Climbing guides found for: Standedge
This quarry overlooks the A62 (Oldham–Huddersfield road) a kilometre north-east of the centre of Delph. It is a short gritstone quarry, which is a pleasant venue for an evening visit by middle-grade climbers.
Bob Whittaker discovered Pack Horse in the mid-Seventies, but no routes were done until 1982, when Whittaker remembered the quarry during a survey of the crags in the area. He returned with Ralph Pickering and started with The Riffler. The sharp end was then handed over to Pickering, who claimed Times Passed. Before leaving, they climbed four more lines on the left, including White Horse and Dark Horse. Whittaker returned a couple of nights later with Alan Noakes to add Stallion and three other routes.
The crag, visible from the road, stretches for approximately 900 metres along the top of Pule Hill; roughly 500 metres east of the Oldham–Huddersfield road (A62), where it runs down from Standedge Cutting into Marsden.
The first real climber to leave his mark on the rocks seems to have been George Bower, who scrambled here in the early 1920s. However, considering the natural attraction of the edge, it is surprising to find that its main development as a climbing ground came at a much later date. Probably the first climbers to give the edge any real attention were the Chew Valley Cragsmen, prominent amongst them being Graham West and Roy Brown, who visited the rocks occasionally during the 1940s and 1950s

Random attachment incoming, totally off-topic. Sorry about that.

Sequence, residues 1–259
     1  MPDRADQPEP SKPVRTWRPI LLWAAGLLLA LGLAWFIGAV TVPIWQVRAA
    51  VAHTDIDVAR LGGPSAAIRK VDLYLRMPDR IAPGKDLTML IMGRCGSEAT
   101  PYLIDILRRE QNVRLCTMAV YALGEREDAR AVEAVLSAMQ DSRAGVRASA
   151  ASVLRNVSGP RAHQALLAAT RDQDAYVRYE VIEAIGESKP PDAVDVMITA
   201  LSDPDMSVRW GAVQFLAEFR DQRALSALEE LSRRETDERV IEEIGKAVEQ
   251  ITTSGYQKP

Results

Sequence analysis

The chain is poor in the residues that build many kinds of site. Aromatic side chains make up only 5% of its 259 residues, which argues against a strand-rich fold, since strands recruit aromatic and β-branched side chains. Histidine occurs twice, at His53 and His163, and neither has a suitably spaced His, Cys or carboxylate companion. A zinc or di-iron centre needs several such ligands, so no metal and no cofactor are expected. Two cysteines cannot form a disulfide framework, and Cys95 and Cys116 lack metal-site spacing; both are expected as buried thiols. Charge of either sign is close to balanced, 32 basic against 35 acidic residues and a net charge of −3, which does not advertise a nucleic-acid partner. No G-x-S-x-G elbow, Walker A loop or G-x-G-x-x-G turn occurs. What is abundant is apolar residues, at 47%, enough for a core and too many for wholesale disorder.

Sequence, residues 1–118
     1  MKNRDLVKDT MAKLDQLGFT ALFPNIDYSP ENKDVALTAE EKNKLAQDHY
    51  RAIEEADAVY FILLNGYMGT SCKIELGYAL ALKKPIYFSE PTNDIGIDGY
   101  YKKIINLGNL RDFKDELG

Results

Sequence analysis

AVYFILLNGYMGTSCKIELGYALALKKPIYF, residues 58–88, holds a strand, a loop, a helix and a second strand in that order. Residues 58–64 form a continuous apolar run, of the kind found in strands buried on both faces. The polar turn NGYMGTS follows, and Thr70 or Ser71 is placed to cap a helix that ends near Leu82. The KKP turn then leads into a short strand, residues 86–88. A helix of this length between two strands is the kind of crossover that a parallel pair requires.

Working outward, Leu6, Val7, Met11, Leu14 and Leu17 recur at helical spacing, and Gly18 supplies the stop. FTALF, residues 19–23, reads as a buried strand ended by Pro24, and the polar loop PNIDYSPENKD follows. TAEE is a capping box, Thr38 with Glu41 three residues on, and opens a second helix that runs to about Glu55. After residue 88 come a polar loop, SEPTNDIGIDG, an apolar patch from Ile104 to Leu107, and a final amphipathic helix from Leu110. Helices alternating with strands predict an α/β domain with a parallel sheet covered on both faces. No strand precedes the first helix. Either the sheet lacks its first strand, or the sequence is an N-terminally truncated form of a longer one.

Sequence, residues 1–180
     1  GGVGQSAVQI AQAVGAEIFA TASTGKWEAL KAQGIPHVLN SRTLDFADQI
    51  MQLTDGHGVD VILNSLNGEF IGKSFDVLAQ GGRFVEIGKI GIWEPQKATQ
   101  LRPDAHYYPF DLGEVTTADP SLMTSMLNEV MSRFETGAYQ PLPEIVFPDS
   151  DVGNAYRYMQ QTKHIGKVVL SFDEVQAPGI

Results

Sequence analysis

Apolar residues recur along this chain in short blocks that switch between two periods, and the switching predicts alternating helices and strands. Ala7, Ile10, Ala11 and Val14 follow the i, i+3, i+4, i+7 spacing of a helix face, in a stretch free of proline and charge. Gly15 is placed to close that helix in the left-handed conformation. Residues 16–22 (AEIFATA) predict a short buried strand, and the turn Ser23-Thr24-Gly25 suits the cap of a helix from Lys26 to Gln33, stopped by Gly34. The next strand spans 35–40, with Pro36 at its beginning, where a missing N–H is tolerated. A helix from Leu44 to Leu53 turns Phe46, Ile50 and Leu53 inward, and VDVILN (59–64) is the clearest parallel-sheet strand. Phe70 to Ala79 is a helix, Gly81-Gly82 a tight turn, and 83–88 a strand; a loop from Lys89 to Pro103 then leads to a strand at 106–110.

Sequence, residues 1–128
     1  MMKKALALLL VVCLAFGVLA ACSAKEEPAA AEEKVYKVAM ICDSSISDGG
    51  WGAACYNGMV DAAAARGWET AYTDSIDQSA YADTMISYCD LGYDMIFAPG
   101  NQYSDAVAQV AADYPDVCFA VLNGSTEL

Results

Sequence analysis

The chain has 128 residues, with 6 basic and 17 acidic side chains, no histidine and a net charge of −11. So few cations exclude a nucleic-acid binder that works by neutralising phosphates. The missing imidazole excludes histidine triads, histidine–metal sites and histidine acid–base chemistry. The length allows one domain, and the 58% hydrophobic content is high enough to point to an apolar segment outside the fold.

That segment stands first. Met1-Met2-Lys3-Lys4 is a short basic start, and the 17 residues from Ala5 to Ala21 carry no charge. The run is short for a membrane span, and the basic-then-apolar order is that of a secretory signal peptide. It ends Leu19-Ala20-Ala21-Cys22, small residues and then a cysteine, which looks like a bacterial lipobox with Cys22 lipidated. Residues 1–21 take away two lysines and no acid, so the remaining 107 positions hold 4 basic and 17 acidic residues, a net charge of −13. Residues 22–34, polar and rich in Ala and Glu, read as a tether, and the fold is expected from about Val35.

The rocks are the property of the National Trust and climbing is permitted, provided that the Trust`s bye-laws are adhered to.
These quarries are situated between Delph and Scouthead near the A62, above a minor road which runs parallel to the A62, and about one kilometre west of the centre of Delph. The views into the Chew Valley are incomparable, so it is well worth a visit.
Rough Knarr was visited by members of the Rimmon M.C. in the early 1960s, when Tony Howard, Brian Hodgkinson, Tony Jones, Jeff Sykes and Brian Woods did most of the obvious lines. However, no records were kept and in 1968 the quarry was rediscovered by Bob Whittaker, who climbed the obvious line of Denshaw. Though local climbers probably visited the quarry, there were no further recorded ascents at the quarry for 14 years, until Geoff Haigh, Derek Wright and Gordon Mason found the crag. Amongst them, this group added another dozen routes, the most notable of which was the trio of Delph, Dobcross and Diggle, though it is possible that these three lines had been climbed previously.
Known locally as Buckstones or Pingot Quarry, Shaw Quarry lies on the western slope of Crow Knoll, in the Crompton Fold area of Shaw. The quarry is of an open aspect and, being box-shaped, the sun touches all parts of the quarry at some time during the day.
Old pegs greeted the first visits made by the Rimmon Club in 1962–63, which is when recorded ascents began. First off the mark was Bill Tweedale who made ascents of Tweedledum, its twin, and Parrot Crack. An evening visit saw Tony Nichols solo the excellent Bugsy followed by Perganum and T.F.G.. Apparently, he was very pleased to complete the latter; the full route name is truly blasphemous and indicates Nichols` thoughts as he pulled over the top to safety. Ginger Warburton added The Pretty Thing and Ginger. A traverse of the Left Wall was also reported, but Sting Girdle remains obscure.